Monticello Shares their Top 7 Dishes Served in San Antonio

The savory Micheladas served in several of San Antonio's bars

San Antonio stands on its own as an ever-evolving diverse city, particularly when it comes to eating and drinking. San Antonio’s culturally rich options are the stuff of dreams never to be, except for a true citizen of the Alamo City.


Anyone who has ever had a puffy taco in San Antonio Ray’s Drive Inn in the original knows what a joy this specialty is. Fried corn meal that puffs up as it hits the oil is then filled with cumin picadillo or shredded chicken with iceberg lettuce, chopped tomato, shredded cheese, and guacamole. The result is a deliciously messy taco that should be more available than it is in San Antonio.


Botika located at the Pearl Brewery in SA combines “Chifa” (Chinese-Peruvian) and “Nikkei” (Japanese-Peruvian) into one amazing concept. Diners can expect a sushi-ceviche bar and a variety of cocktails that include rums, piscos, and cachaças. We all know New American cuisine is re-writing culinary rules and San Antonio provides.


Restaurant Gwendolyn, helmed by chef Michael Sohocki, is serious about using local ingredients, being 100% sustainable, AND using only cooking methods and equipment that were available pre-1850, when the Industrial Revolution hit. This means no blenders, mixers, choppers, ice cream machines, deep fryers, or anything else with a motor or a plug.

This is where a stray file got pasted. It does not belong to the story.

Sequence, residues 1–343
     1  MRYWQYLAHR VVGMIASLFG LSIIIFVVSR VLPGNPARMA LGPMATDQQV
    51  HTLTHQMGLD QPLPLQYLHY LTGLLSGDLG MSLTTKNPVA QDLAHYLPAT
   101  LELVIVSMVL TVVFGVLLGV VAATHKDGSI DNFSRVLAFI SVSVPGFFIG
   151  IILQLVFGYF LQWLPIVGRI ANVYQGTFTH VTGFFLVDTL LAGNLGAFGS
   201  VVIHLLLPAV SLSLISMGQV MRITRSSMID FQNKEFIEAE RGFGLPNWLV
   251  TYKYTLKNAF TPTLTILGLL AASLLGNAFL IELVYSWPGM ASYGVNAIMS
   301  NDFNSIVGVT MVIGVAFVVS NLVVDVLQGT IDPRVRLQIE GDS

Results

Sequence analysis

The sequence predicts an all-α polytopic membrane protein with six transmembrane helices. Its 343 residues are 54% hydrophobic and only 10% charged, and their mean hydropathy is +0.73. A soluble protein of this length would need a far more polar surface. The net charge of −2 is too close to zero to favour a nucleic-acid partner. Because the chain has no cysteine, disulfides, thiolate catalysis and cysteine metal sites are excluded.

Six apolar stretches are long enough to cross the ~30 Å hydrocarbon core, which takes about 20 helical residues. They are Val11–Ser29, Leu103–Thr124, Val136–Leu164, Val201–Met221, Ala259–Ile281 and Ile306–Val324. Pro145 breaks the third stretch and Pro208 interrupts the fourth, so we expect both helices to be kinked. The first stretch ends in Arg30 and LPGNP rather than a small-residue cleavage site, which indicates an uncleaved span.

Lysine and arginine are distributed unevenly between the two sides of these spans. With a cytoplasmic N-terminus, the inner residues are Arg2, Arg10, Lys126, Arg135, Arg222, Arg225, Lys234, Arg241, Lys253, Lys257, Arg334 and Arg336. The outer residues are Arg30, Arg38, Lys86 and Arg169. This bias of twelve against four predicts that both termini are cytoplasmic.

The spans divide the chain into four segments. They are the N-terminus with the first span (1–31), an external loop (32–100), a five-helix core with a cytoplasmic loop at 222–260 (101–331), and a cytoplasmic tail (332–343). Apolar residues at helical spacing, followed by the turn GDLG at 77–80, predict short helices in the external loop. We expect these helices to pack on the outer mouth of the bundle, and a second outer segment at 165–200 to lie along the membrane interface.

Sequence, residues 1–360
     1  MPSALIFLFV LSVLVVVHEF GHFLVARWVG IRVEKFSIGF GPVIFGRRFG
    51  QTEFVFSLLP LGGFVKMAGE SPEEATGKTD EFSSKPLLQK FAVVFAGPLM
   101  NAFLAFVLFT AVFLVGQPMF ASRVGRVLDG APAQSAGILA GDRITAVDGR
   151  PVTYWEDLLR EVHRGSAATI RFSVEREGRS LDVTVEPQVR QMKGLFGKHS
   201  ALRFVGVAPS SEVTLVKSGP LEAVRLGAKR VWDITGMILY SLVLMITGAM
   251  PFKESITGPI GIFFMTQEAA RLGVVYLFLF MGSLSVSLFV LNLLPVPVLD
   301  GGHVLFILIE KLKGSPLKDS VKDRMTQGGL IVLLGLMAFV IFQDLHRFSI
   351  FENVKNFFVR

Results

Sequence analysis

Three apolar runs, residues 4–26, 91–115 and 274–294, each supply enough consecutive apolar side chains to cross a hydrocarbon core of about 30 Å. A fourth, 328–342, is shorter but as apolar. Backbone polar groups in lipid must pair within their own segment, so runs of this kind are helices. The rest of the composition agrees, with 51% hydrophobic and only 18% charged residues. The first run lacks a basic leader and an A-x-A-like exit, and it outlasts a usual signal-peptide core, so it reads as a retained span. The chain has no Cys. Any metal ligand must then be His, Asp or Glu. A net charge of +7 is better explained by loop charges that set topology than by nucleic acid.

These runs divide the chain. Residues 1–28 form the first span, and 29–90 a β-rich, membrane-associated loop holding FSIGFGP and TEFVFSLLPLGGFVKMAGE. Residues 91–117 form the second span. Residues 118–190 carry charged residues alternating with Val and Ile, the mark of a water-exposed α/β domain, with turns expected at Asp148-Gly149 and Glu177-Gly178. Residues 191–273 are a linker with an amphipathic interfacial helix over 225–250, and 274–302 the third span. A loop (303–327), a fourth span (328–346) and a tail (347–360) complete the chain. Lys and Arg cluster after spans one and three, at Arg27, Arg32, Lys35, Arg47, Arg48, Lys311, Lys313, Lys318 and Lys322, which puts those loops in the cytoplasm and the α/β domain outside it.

In San Antonio, they are referred to as a “bloody beer.” Get to know the legit Michelada, a hangover-curing, the Bloody-Mary-like blend of tomato juice, lots of lime juice seasoned with anything from Worcestershire sauce, lemon juice, Tabasco, Valentina hot sauce, celery salt, Maggi seasoning, chili powder, and pepper. This savory mix served on ice and topped with a Dos Equis or Tecate can be found at any bar in San Antonio; each bartender has his or her own unique preparation. Of particular note are the Micheladas at The Friendly Spot, but we are open to trying more than one!


In San Antonio, raspas, or snow cones, are king. But local artist Ana Fernandez and her truck Chamoy City Limits have taken the traditional version further into a culinary delight. Adults and children line up for hours to get a piccadilly or mangonada — shaved ice topped with flavored syrups, pickled fruit, actual pickles, Chinese candy, or chamoy (a tropical fruit that tastes like pineapple and apples with cream)… all of the syrups are made in-house. While there are plenty of Mexican fruterias making raspas, and Casey’s New Orleans Snowballs making their own syrups, we love the traditional mixing it up with the modern.


A cheeseburger isn’t a cheeseburger until it’s become what people talk about for generations. Chris Madrid’s is a San Antonio institution; there have been long lines out the door since 1977. Its signature burger, the Cheddar Cheezy, is not just any cheese burger. It’s a burger for all generations of cheese lovers. Ramp up any burger by ordering it “macho”. That’s a half pound of burger that won’t soon leave you hungry.

What are your local culinary gems? Let us know!